This type of diabetes was previously called "adult onset diabetes." But according to the Centers for Disease Control and Prevention, type 2 diabetes has been reported among U.S. children and adolescents with increasing frequency over the past 20 years. Ninety percent of those with diabetes have type 2 diabetes. And approximately 80 percent of people with type 2 diabetes are overweight. With type 2 diabetes, your body either resists the effects of insulin or doesn't produce enough insulin to maintain a normal blood sugar level. 
Symptoms of type 2 diabetes, which are generally the same as symptoms of type 1, may come on gradually or not be noticed at all. 
A healthy diet and exercise may not be enough to lower your blood sugar level to a satisfactory range. Oral or injectable medication may be needed to control your blood sugar level." (mayoclinic.org)
The third type is Gestation Diabetes which occurs during pregnancy. I have not had this in any of my pregnancies thankfully.
 Some of the warning signs he was showing were constant thirst, nausea and vomitting (in the last few weeks), frequent urination at all times of the day, and he had in the past 6 months or so been growing alot thinner. This is a picture of him age 10, right before he was diagnosed:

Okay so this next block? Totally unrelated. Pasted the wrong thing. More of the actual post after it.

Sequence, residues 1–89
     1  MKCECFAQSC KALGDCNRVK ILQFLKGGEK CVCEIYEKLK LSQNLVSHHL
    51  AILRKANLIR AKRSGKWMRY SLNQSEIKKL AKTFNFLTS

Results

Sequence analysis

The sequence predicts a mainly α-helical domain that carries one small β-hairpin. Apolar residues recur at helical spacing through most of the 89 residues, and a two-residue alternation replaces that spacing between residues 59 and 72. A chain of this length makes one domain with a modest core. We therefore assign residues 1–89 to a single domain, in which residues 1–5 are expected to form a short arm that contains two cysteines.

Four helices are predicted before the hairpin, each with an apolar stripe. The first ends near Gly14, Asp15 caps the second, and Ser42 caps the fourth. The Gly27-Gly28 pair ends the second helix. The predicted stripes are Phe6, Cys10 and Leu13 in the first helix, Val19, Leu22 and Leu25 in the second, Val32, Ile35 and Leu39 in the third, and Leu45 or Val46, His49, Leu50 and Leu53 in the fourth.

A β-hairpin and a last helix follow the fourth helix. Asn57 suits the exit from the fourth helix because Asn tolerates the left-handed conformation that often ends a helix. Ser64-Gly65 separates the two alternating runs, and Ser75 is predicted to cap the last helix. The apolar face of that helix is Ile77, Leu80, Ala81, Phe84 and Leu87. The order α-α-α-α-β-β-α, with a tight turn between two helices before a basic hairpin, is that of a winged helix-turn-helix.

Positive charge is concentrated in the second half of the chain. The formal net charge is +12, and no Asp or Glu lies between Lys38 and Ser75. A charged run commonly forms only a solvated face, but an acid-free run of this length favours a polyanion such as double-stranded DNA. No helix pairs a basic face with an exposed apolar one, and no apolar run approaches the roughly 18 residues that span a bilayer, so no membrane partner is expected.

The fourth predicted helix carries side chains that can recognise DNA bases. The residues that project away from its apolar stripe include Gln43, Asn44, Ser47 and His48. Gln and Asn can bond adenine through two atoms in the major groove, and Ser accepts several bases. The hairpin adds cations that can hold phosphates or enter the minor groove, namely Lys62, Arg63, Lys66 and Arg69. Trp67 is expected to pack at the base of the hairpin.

Having a Child With Type 1 Diabetes
Looks pretty normal right? Except he was never a skinny nor overweight child. Just healthy. I can remember looking at him when he took his shirt off before bed and thinking "He looks emaciated!" His bones were protruding. But I dismissed it as a growing season, and to him being an active boy. This is a picture of him a few years earlier:
His face looks a little less like a skeleton in comparison to the above. This was actually December 2007. 

What was happening as a result of his hyperglycemia (high blood sugar) is the following:
  • Frequent urination: The kidneys respond to high levels of glucose in the bloodstream by flushing out the extra glucose in urine. A child with diabetes who has hyperglycemia may need to pee more often and in larger volumes.
  • Extreme thirst: Kids with hyperglycemia who lose a lot of fluid from urinating often will become very thirsty and may drink a lot in an attempt to prevent dehydration.
  • Weight loss despite increased appetite: Without enough insulin to help the body use glucose, the body breaks down muscle and stored fat in an attempt to provide fuel to hungry cells.
  • Fatigue: Because the body can't use glucose for energy properly, kids with hyperglycemia may be unusually tired
(kidshealth.org on hyperglycemia)

After we became educated on what was causing his disease then we learned how to deal with it. We learned the art of counting carbs, and calculating proper amounts of insulin. I had already been making stuff from scratch because of food sensitivities, now I had to calculate carbs for everything I made, and figure out what a "serving" would be for him. We learned different doses for 2 types of insulin, one for long acting (overall coverage throughout the day) and quick acting for when he was unusally high or eating carbs. We learned how to give him shots. We learned what to do when his blood sugar was below normal, and what to do when he was above normal. We learned about emergency glucagon shots in case he was so low he passed out. After about 6 months we learned about using an insulin pump, and in a sense had to learn everything all over in a new way. We had to set aside normal daily life, schoolwork for this adjustment.